.foregroundColor(Color.blue)
    }
    .border(Color.purple)
  }
}

NOTE: For non-square frames, the polygon will be rendered in the center of the frame. The unit circle is measured based on the smallest dimension of the CGRect:

struct SimplePolygon3_Previews: PreviewProvider {
  static var previews: some View {
    ZStack {
      Circle().stroke()
      SimplePolygon(ratios: [0.1, 0.5, 0.756, 0.3, 0.4])
        .foregroundColor(Color.blue)
    }
    .border(Color.purple)
    .frame(width: 256, height: 128)
  }
}

Polygon Example: ConvexPolygon

A convex polygon, also known as a Regular Polygon, is a polygon whose sides are all equal length and whose vertices are equally distributed around the unit circle.

ConvexPolygon is defined as a struct that conforms to the RegularPolygon protocol. As a protocol, RegularPolygon requires the following properties and methods:

/// A polygon with equal-length sides and equally-spaced vertices along a circumscribed circle
public protocol RegularPolygon: Polygon {}

That's right, it's empty! RegularPolygon conforms to Polygon without any additional requirements. The reason that RegularPolygon exists is to implement the vertices(in: CGRect) method via a protocol extension:

public extension RegularPolygon {
  
  /// obtains the equally spaced points of a polygon around a circle inscribed in rect, arranged clockwise starting at the top of the unit circle
  func vertices(in rect: CGRect) -> [CGPoint] {
    vertices(in: rect, offset: .zero)
  }
  
  /// obtains the equally spaced points of a polygon around a circle inscribed in rect, arranged clockwise starting at the top of the unit circle, with any additional rotational offset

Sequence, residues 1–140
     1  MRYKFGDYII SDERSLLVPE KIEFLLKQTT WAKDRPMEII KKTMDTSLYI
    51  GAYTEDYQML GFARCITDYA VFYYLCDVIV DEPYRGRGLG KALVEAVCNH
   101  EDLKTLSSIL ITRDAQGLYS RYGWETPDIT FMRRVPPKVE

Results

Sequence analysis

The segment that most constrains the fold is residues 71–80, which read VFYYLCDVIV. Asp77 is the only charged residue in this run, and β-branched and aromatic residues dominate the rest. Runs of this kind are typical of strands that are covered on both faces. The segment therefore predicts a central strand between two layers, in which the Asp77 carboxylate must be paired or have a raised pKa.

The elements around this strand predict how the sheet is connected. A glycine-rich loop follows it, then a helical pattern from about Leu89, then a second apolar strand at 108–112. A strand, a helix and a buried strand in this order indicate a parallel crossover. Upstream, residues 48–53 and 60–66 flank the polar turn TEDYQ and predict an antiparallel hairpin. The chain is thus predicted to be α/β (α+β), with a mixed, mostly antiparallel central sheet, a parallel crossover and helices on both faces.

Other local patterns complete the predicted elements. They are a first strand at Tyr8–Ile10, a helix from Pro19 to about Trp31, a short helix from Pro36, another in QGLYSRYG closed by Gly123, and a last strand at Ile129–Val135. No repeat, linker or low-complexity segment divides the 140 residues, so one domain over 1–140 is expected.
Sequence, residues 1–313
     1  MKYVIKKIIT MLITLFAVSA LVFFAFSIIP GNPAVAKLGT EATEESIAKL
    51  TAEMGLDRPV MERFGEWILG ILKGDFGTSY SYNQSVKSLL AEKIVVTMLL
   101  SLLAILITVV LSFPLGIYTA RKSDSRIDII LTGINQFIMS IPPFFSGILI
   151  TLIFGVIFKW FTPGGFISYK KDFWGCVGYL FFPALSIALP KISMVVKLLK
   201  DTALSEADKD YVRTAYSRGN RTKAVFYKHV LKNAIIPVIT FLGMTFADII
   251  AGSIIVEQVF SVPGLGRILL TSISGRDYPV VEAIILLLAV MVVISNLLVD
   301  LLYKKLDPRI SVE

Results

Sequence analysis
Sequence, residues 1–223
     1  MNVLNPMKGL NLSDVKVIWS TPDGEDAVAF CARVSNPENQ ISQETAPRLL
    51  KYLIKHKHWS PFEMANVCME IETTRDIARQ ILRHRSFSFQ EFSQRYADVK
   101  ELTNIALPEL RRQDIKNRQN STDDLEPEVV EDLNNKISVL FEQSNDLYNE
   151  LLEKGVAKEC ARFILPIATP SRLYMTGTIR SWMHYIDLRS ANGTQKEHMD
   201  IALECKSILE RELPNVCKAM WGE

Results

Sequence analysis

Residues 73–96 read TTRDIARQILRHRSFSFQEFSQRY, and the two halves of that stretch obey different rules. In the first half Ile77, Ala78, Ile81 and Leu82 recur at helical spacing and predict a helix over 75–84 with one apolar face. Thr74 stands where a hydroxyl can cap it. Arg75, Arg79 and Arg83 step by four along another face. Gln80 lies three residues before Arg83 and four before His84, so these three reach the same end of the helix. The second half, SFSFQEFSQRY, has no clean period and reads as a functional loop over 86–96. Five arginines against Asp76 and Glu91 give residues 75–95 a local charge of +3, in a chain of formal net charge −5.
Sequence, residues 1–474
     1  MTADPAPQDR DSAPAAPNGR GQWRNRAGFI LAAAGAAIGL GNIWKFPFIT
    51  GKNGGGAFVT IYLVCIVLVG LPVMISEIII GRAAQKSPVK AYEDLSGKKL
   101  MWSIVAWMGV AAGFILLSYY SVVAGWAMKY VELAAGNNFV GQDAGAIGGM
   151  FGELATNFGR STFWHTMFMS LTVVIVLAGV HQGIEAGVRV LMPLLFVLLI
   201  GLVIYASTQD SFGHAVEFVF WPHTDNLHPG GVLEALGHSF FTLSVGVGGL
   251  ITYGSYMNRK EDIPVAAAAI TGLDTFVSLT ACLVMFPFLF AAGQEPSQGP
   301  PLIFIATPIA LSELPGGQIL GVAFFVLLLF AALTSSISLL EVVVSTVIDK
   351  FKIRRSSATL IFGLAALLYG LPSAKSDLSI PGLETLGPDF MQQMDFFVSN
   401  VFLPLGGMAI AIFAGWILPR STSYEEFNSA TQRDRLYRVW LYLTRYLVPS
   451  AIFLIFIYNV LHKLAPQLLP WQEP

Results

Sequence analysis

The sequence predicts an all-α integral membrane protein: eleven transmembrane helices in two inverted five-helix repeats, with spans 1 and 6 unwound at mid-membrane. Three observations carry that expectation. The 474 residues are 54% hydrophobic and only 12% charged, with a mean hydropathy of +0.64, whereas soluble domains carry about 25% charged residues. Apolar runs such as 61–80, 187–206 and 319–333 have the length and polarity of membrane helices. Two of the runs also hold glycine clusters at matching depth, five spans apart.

func vertices(in rect: CGRect, offset: Angle = .zero) -> [CGPoint] {
    let r = min(rect.size.width, rect.size.height) / 2
    let origin = CGPoint(x: rect.midX, y: rect.midY)
    let array: [CGPoint] = Array(0 ..< sides).map {
      let theta = 2 * .pi * CGFloat($0) / CGFloat(sides) + CGFloat(offset.radians) - CGFloat.pi / 2  // pointing north!
      return CGPoint(x: origin.x + r * cos(theta), y: origin.y + r * sin(theta))
    }
    return array
  }
}

In the code above, I made the conscious choice to rotate the origin of the unit circle to be facing up. Most polygon drawings I've seen in textbooks and the internet (no citation provided, sorry) show a corner pointing to the top of the image, so that's the convention that is used here.

The second method, vertices(in: CGRect, offset: Angle) allows the user to specify additional rotational offset as desired.

These methods are useful to obtain the vertices for other shapes that are not polygons as well, e.g. ReuleauxPolygon and Torx with their curved sides.

Now that we understand how RegularPolygon is used, it's time to learn about ConvexPolygon. The initializer takes a number of sides, like so:

ConvexPolygon(sides: 7)

This shape can be illustrated with the following example:

struct ConvexPolygon_Previews: PreviewProvider {
  static var previews: some View {
    ZStack {
      Circle() // unit circle
        .strokeBorder(Color.red, lineWidth: 10)
        
      ConvexPolygon(sides: 7)
        .strokeBorder(Color.green.opacity(0.8), lineWidth: 10)
    }
  }
}

GitHub

link
Stars: 14
Last commit: 1 week ago
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Release Notes

First Public Beta Release
3 years ago

First Public Beta Release